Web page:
LONDON (Reuters) - Home Secretary Theresa May has lost a legal bid to force the inquest into the 2005 London bombings to hear secret evidence behind closed doors.
Justice Heather Hallett, who is overseeing the inquests into the deaths of the 52 people killed in the suicide attacks, ruled earlier this month that she could not hear evidence detailing sensitive intelligence material in closed session.
She concluded that even if the public could be excluded, "interested parties," such as relatives of the victims, could not.
May mounted a legal challenge to that decision, arguing that disclosing secret information could put Britain's national security at risk.
However, the High Court upheld the coroner's decision.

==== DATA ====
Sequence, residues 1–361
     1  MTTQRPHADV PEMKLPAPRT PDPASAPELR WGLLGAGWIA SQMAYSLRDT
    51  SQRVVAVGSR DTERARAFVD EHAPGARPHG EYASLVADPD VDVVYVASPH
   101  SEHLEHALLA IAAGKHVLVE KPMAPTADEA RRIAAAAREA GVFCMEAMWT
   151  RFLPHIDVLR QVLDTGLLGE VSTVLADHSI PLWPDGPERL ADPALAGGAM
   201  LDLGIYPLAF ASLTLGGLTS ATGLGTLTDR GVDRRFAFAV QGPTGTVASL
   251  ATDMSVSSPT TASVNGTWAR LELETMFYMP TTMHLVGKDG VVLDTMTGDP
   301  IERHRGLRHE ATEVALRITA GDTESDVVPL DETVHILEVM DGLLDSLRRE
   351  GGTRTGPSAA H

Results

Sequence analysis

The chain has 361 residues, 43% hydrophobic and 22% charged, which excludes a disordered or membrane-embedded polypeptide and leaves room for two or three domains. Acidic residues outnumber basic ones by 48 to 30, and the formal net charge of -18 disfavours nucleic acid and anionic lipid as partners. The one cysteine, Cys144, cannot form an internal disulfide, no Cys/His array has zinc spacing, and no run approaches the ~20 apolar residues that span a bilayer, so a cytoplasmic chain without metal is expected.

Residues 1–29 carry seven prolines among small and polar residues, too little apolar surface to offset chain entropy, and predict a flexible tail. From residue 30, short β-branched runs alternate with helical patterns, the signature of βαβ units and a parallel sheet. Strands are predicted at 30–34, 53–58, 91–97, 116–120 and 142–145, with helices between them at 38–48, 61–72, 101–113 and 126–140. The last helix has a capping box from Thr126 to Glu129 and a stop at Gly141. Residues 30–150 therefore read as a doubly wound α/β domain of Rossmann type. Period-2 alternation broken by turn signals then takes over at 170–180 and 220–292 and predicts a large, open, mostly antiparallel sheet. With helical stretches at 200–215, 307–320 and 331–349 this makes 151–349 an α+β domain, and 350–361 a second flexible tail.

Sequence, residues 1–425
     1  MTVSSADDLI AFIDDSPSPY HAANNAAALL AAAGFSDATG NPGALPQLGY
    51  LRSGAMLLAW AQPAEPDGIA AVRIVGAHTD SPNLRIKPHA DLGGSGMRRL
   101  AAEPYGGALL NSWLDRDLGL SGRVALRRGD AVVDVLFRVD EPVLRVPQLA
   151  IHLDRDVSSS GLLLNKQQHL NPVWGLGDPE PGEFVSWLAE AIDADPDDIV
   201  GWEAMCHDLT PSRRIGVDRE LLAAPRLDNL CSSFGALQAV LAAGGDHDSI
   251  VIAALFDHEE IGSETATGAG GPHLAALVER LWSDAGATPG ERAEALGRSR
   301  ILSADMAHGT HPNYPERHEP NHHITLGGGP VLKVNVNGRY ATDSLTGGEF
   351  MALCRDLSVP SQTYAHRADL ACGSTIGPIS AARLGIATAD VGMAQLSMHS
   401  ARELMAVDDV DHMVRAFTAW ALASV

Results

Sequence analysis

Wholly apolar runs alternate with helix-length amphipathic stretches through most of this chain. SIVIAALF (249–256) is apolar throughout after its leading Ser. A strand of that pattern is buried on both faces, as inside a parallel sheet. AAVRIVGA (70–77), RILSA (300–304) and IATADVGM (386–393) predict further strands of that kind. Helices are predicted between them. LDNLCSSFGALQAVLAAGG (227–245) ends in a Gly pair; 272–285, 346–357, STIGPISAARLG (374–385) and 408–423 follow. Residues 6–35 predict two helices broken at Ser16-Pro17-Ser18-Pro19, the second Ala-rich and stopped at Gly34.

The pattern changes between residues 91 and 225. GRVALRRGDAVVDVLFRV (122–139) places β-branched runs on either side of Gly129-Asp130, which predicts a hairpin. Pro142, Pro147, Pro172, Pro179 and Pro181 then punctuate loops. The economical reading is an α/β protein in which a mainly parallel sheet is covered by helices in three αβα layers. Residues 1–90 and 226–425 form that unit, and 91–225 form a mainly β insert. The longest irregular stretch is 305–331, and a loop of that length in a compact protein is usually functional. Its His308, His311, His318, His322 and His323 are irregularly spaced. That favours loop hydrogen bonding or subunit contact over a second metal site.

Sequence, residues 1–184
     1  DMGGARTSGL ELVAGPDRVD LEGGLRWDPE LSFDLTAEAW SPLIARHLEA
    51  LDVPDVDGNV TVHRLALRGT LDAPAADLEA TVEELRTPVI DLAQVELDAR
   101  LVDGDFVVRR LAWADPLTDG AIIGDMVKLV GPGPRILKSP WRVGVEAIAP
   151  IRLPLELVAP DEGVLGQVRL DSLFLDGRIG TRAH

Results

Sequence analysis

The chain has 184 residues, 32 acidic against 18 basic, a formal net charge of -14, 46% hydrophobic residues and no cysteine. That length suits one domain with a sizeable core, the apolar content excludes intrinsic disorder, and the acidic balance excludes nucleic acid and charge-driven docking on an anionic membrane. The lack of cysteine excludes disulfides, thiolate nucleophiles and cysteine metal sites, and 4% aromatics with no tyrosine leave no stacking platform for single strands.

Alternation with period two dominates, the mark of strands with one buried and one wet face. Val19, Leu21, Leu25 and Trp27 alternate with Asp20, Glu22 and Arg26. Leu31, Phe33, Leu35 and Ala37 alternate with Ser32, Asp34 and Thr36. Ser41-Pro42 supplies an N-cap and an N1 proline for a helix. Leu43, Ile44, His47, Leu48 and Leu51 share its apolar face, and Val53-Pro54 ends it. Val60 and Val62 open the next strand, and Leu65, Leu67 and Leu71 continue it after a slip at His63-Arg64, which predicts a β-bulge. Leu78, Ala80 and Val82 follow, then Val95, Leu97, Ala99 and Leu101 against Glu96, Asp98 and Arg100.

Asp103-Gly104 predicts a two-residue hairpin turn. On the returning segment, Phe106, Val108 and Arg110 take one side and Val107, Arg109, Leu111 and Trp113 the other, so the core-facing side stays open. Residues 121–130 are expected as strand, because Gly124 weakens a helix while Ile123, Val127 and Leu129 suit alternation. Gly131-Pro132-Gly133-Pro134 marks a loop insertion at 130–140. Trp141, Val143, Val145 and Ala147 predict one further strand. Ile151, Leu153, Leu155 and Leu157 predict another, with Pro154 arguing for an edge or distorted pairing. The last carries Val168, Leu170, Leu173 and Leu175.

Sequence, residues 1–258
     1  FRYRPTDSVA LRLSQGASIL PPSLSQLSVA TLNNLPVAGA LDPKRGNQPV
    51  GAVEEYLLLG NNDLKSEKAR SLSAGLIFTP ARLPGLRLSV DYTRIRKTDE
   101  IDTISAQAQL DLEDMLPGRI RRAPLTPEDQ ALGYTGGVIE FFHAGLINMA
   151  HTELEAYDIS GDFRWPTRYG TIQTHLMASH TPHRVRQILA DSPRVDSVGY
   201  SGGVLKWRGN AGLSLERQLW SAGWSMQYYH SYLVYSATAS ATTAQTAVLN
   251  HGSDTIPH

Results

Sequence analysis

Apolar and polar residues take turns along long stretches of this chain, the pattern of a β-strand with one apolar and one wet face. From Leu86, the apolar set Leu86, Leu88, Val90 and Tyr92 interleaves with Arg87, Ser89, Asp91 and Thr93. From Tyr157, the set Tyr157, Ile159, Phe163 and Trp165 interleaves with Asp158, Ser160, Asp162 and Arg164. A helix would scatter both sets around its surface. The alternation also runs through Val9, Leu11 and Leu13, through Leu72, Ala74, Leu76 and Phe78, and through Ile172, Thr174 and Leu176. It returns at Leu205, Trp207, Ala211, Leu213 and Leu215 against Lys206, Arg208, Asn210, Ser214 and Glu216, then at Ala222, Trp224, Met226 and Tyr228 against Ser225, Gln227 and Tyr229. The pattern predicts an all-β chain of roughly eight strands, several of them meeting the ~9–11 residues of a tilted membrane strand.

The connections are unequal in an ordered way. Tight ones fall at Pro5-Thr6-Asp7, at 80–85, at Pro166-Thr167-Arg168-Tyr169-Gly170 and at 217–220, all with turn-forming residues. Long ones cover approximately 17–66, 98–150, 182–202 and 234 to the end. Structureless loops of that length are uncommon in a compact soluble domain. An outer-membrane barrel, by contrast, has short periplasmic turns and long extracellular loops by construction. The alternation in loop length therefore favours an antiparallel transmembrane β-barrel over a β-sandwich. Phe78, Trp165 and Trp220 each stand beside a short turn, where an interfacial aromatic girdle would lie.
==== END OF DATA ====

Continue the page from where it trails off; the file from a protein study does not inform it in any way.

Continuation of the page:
"It is right that those who lost their loved ones should be able to see and hear all the evidence," said lawyer Clifford Tibber whose firm is representing relatives of six victims.
"It is difficult to understand what information, six years on, is so sensitive and so critical that it can not be made available to the families in some form."
A Home Office spokeswoman said the government was committed to co-operating fully with the coroner.
"Along with many victims' families, we believe a closed hearing for a small part of the July 7 inquests would be the best way for the coroner to consider as much information as possible," the spokeswoman said.
"The court has decided this is not possible and we will consider the judgement carefully."